If stock prices of companies linked to social media are of relevance, their performance this year paired with the fact that they are trading near all-time highs supports such a growth thesis.

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Ranked: Big Tech CEO Insider Trading During the First Half of 2021

Big Tech is worth trillions, but what are insiders doing with their stock? We breakdown Big Tech CEO insider trading during the first half of 2021.

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Big Tech CEO Insider Trading During The First Half of 2021

When CEOs of major companies are selling their shares, investors can’t help but notice.

After all, these decisions have a direct effect on the personal wealth of these insiders, which can say plenty about their convictions with respect to the future direction of the companies they run.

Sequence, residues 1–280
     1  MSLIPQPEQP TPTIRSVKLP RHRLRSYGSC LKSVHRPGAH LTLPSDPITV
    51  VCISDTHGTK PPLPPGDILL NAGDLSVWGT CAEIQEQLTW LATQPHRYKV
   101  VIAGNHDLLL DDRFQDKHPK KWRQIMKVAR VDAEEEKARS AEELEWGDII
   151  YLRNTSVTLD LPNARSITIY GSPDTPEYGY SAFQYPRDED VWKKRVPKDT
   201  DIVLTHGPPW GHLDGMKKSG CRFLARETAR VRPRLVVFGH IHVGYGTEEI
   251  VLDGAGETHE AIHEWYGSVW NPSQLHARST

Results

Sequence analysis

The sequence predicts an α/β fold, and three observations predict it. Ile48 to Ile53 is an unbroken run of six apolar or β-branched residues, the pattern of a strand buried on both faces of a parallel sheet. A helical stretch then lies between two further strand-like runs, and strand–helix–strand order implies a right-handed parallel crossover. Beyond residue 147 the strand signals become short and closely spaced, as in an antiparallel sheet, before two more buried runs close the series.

Considering that Big Tech stocks are some of the most popular holdings in today’s portfolios, and are backed by a collective $5.3 trillion in institutional investment, how do the CEOs of these organizations rank by their insider selling?

CEOStockShares Sold H1 2021Value of Shares ($M)
Jeff BezosAmazon (AMZN)2.0 million$6,600
Mark ZuckerbergFacebook (FB)7.1 million$2,200
Satya NadellaMicrosoft (MSFT)278,694
$65
Sundar PichaiGoogle (GOOGL)27,000$62
Tim CookApple (AAPL)0$0

Breaking Down Insider Trading, by CEO

Let’s dive into the insider trading activity of each Big Tech CEO:

Jeff Bezos

During the first half of 2021, Jeff Bezos sold 2 million shares of Amazon worth $6.6 billion.

This activity was spread across 15 different transactions, representing an average of $440 million per transaction. Altogether, this ranks him first by CEO insider selling, by total dollar proceeds. Bezos’s time as CEO of Amazon came to an end shortly after the half way mark for the year.